By TOM FITZGERALD
Adelaide’s only historic tall ship, the Falie, continues to rest forgotten in Port Adelaide, 93 years after it was built.
Despite the rich history of 46 metre ketch, the Falie has drifted out of the minds of South Australians.
She now lies permanently berthed west of the Birkenhead Bridge, while the government provides just enough money to keep her alive.
“At the moment [the State Government] is spending up to 50,000 a year just to keep her afloat,” says Keith Ridgeway, the lead volunteer in charge of restoring the Falie.
“They’ve committed to at least the next 10 years of keeping the ship afloat, and we’re slowly getting on top of everything,” he says.
Unfortunately, without increased financing it is unlikely the Falie will sail ever again.
In fact, because of the Falie’s unseaworthiness, she is no longer classed as a vessel but rather a floating barge.
Mr Ridgeway hopes to have the Falie resurveyed if she is made seaworthy again, but believes doing so would cost upwards of 1.5 million dollars.
“The government needs some rhyme or reason for investing in the ship, but there isn’t enough interest,” says Ridgeway
“This is the flagship of the state.”
“We’re restoring the history of Port Adelaide, but that’s not good enough.”
Ridgeway says he has appealed to the government for more money and resources, but has had no success.
The continued survival of the Falie now rests in the hands of Ridgeway and his unpaid associates, who refuse to allow the ship to be abandoned.
But Ridgeway believes he has found an ally in the new State Member for Port Adelaide, Susan Close.
Mrs Close says the Port has lost a lot of its maritime wonder, and the Falie is a key part in revitalising the area.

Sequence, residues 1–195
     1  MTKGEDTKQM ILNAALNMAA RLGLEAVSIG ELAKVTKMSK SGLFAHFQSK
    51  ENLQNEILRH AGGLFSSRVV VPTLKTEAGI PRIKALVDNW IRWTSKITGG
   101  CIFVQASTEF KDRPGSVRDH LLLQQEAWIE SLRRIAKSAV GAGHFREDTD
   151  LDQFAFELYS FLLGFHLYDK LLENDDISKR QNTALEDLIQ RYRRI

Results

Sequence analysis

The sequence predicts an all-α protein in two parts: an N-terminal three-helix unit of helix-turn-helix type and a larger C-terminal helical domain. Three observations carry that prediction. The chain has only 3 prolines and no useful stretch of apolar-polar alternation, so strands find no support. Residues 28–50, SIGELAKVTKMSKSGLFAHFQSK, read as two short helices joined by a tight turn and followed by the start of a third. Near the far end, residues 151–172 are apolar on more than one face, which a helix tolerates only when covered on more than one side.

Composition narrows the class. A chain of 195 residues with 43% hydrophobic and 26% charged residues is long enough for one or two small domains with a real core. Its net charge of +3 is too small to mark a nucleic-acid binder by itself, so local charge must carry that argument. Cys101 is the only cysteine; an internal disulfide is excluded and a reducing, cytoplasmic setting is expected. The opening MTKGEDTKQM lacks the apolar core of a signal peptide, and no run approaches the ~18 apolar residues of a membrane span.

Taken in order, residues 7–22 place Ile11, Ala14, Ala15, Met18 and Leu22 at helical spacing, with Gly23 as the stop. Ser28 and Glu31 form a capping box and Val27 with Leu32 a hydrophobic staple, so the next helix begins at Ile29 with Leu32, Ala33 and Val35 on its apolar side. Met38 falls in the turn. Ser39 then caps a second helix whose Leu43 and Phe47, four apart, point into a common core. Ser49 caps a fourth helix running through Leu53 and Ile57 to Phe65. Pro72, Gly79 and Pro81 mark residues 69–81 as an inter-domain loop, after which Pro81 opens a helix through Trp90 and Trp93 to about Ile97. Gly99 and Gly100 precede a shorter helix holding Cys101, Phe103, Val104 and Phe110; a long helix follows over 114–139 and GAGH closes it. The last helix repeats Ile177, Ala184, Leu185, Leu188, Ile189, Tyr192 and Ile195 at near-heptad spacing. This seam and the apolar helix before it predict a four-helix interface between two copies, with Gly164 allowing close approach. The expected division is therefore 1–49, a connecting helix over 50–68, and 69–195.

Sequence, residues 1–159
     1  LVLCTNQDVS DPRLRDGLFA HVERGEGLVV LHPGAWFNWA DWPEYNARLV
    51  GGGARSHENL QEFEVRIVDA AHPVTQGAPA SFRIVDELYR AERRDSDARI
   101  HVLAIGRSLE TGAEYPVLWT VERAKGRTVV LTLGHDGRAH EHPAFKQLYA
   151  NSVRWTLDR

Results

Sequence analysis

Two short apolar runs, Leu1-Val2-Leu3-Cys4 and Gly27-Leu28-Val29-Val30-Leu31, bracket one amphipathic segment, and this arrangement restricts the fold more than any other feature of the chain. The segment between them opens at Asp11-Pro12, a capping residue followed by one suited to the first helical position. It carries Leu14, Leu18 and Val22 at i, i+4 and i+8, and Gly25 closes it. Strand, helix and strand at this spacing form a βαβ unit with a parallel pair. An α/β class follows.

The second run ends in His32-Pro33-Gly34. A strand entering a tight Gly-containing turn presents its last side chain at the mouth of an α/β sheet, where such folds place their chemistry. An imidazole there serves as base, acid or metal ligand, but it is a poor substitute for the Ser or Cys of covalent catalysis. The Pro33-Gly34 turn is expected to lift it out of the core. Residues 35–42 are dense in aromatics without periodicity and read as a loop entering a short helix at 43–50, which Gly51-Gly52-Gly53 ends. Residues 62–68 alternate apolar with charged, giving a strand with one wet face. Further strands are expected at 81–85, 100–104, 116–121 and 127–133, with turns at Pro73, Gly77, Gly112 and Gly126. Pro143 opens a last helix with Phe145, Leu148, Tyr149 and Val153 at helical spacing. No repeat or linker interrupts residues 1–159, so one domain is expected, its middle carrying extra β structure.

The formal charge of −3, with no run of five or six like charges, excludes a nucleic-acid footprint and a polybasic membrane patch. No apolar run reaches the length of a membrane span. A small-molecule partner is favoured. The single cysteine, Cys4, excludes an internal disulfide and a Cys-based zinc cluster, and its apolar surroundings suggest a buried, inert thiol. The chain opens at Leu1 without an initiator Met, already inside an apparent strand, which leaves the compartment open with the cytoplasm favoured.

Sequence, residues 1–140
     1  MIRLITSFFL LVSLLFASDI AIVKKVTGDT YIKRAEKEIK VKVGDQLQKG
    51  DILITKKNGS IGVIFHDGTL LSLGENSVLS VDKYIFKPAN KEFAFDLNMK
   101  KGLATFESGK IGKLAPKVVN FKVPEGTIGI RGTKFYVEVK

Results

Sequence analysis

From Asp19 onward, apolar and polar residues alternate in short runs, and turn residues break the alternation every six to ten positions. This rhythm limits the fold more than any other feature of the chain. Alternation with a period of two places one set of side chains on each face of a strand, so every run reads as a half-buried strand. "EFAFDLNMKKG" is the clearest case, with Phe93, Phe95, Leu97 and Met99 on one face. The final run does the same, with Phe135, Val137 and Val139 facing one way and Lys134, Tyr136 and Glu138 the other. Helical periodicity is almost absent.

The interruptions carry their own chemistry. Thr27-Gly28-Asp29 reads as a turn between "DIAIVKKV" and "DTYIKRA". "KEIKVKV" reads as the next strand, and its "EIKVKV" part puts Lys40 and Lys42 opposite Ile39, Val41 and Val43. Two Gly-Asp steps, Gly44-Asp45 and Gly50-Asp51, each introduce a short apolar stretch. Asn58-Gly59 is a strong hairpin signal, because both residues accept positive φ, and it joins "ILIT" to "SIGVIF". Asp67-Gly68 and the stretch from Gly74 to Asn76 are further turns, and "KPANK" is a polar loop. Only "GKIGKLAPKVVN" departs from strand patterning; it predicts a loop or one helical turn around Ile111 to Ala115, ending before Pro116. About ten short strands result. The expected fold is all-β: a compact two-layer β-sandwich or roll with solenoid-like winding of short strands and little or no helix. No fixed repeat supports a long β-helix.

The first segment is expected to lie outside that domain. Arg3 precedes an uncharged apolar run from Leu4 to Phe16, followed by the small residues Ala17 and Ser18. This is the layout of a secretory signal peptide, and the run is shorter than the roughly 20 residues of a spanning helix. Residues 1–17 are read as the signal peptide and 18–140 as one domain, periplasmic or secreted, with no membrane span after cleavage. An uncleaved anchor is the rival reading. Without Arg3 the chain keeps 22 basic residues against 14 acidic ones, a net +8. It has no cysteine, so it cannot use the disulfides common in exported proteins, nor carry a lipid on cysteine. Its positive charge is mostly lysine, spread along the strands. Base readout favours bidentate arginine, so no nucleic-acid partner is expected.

“The government is getting together a plan for the future of [Port Adelaide] that it’s going to work through with the community,” she said.
“One of the strands to that future plan has to be maritime, and Keith’s absolutely right, we have a fantastic asset in terms of the Falie.
“I would love to see the Falie be a big part of the maritime strand in the port.”
Close’s plan for the Port also includes the return of the One and All, and the historic clipper, City of Adelaide.
“My desire is that anything that happens in the Port celebrates the port for what it is, and one of these things is recognising our wonderful maritime past, present and future,” she said.
She insisted the Falie had not been forgotten, and that when the ship turns 100 in seven years time, the city will give her a grand birthday.
In the meantime, Ridgeway hopes to have the Falie sailing within 5 years.
“Just imagine if this could sail up and down the river, again, going out to the gulf for evening trips,” Ridgeway says.
“It would be in the best interests of the people of South Australia, and allow them to have a look at what they own.”